Food for play


I hope it does not feel like you are being driven into golf overload to now be reading about what to ‘eat’ on the golf course. In a world that is becoming increasingly health conscious, (my apologies if you don’t want to hear this) nutrition is an important factor on the golf course. Bringing to this conversation a 20 year background in competitive swimming and running and more significantly, a 25 year passion for organic gardening, food and nutrition, I cannot deny that I have given this question a lot of contemplation. As a result, I can positively attest that what one eats on the course can affect the outcome of one’s golf game. I am sorry to say, but, grabbing a “smoky” and a beer on the ‘turn’ is likely not going to help your game and is probably costing you a few or more stokes per round. It is not just the alcohol that is the culprit for the loss of focus on the back 9, but the spike in blood sugars from unhealthy food choices provided by the outdated fast food options offered by many golf facilities. A bag of chips, an overly sweet granola bar and a Gatorade are not the answer either. I have seen and heard it so many times; “I lost my focus for a few holes after lunch and the wheels fell off…”


So what does good nutrition look like on the golf course?

  • Choose healthy whole food options for snacks. As a rule of thumb these are often unprocessed ‘one ingredient’ foods such as carrot and celery sticks, nuts and seeds, dried fruits, fresh fruits, whole grain breads and crackers, cheese, low sugar yoghurt etc.
  • Choose low glycemic index foods to ensure no big rush or no sleepy ‘after effect’. The Glycemic Index (GI) is a scale that ranks carbohydrate-rich foods by how much they raise blood glucose (sugar) levels compared to a standard food. You want to avoid a spike in energy as well as a dip or crash. Both will affect your mental focus as well as your physical strength and energy levels. This also means avoid becoming too hungry while playing your round. Depending on your metabolism, you will likely need to eat something after a few hours on the course.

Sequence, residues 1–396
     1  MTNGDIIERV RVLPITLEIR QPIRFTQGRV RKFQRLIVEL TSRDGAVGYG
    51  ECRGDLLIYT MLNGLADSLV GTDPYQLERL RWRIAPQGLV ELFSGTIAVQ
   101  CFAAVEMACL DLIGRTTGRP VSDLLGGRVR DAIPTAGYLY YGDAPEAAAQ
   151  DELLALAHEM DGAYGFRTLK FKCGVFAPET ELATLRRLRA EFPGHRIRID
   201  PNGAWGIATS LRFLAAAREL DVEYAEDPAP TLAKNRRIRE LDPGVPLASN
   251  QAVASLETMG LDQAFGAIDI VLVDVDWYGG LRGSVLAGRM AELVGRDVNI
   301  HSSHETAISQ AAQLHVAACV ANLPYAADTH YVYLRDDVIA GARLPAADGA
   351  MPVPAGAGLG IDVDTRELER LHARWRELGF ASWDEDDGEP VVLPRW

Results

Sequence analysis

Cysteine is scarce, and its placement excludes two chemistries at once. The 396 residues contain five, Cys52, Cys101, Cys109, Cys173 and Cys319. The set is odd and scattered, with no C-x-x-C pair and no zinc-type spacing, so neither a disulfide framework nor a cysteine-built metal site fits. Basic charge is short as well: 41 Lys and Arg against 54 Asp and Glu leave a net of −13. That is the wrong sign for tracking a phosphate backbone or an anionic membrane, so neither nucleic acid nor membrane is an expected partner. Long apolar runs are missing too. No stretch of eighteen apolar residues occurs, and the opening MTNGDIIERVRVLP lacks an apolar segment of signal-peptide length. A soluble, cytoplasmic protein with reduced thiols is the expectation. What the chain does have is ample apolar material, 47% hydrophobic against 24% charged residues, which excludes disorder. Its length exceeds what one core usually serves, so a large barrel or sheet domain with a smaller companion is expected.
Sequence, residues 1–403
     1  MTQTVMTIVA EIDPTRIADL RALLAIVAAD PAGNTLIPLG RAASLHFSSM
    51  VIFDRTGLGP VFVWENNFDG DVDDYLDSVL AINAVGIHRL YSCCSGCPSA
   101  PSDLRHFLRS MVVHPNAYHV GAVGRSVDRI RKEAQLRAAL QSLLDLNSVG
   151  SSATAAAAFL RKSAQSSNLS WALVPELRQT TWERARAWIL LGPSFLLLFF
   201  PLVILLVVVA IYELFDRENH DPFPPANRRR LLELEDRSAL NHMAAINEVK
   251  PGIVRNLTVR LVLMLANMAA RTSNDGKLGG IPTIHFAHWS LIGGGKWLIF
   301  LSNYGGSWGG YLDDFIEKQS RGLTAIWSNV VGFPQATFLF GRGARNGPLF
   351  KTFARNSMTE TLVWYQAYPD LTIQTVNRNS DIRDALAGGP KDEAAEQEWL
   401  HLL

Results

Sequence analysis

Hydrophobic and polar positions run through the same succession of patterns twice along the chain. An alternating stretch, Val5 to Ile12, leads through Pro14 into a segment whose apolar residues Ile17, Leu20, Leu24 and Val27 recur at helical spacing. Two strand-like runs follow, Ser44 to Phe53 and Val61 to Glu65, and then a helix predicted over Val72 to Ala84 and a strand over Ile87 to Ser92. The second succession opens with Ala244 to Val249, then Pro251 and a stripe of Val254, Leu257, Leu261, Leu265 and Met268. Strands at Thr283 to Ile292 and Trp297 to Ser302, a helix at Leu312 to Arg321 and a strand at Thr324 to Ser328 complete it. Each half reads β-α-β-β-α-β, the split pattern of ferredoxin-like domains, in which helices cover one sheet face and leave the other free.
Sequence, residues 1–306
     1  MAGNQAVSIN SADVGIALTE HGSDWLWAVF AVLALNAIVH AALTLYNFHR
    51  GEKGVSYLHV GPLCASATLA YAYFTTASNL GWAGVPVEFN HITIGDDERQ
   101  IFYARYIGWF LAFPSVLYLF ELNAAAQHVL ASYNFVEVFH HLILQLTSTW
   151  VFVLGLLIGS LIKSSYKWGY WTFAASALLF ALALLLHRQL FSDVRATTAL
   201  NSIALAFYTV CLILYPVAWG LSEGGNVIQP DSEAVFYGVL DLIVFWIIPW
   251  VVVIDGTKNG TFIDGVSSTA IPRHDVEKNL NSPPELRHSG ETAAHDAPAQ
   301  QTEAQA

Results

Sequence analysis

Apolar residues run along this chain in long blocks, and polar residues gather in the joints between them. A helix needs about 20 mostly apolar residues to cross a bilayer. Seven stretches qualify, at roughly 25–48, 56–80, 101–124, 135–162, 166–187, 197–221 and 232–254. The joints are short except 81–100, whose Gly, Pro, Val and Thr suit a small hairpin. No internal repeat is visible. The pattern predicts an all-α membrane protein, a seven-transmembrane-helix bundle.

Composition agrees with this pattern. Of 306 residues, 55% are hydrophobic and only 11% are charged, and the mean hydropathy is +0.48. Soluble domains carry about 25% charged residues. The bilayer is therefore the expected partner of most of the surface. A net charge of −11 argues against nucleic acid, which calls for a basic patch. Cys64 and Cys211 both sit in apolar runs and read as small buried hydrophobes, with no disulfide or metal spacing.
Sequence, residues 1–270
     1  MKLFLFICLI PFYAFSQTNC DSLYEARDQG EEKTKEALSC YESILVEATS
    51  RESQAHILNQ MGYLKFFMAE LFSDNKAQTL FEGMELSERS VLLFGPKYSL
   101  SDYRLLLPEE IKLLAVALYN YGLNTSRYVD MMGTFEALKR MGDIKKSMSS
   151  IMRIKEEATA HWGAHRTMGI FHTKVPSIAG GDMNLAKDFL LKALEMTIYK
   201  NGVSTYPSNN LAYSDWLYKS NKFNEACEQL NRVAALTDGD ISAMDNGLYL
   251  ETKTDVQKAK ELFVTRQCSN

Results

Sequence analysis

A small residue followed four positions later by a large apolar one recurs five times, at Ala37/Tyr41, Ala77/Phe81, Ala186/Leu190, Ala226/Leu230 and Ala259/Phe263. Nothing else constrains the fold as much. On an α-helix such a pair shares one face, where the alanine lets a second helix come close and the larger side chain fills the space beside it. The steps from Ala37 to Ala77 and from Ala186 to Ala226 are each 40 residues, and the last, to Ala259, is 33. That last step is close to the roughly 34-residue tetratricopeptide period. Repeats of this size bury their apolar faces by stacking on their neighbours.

• Have smaller portions at a time and stagger these throughout your game. For example, have half a sandwich on pumpernickel or a dark unleavened bread filled with proteins and vegetables. Whether you are raw, vegan, vegetarian or eat a meat lover, it is the quality of the protein that matters. Choose roasted, boiled, barbecued meats, poultries and fish over salty and processed cold cuts and salamis (these are filled with fats and sulphates). My favorite option is to barbecue a few extra chicken breasts and veggies at dinner and then put them away for sandwich and salad fixings the next day. If you are vegan or vegetarian, choose healthy spreads like hummus, babaganoush, nut loaf and seed pâtés and be careful to look at the labels to ensure that they are not processed with the wrong oils, salts, seasonings, sugars and preservatives. There are big differences out there in the quality of these products. ‘Making it yourself’ is often the easiest and most reliable method. A good hummus, for example, only needs a few ingredients. Chickpeas, olive oil, fresh lemon juice, tahini, a dash of cumin and a spring of parsley. Salt to taste and  blend it up. Don’t forget sushi rolls, summer rolls and wraps. These are easy to make and easy to slip into your golf bag.
  •  Make sure your food is relatively quiet and easy to access in terms of packaging. Trying to pry open a noisy wrapper can be annoying to both you and the person trying to hit their ball.
  •  Try foods that can be sipped from a bottle or thermos. Soups, yoghurts, and smoothies are excellent. There are some golf courses in the Pacific Northwest that offer a soup of the day on the ‘turn’ (packaged in a cardboard bowl or coffee cup with a lid) during the cooler fall and spring seasons. I love being surprised by a great soup on a golf course on a chilly fall day.
  • Stay hydrated. Bring a large water bottle so you can monitor how much or how little you are drinking. Never rely on getting enough water on the course from those little white disposable cups. Moreover, they’re are not ecological.

Anyhow, these are personal ideas  for how to eat to play good golf. I hope you have enjoyed the article and will contact me with further ideas and contributions to the subject.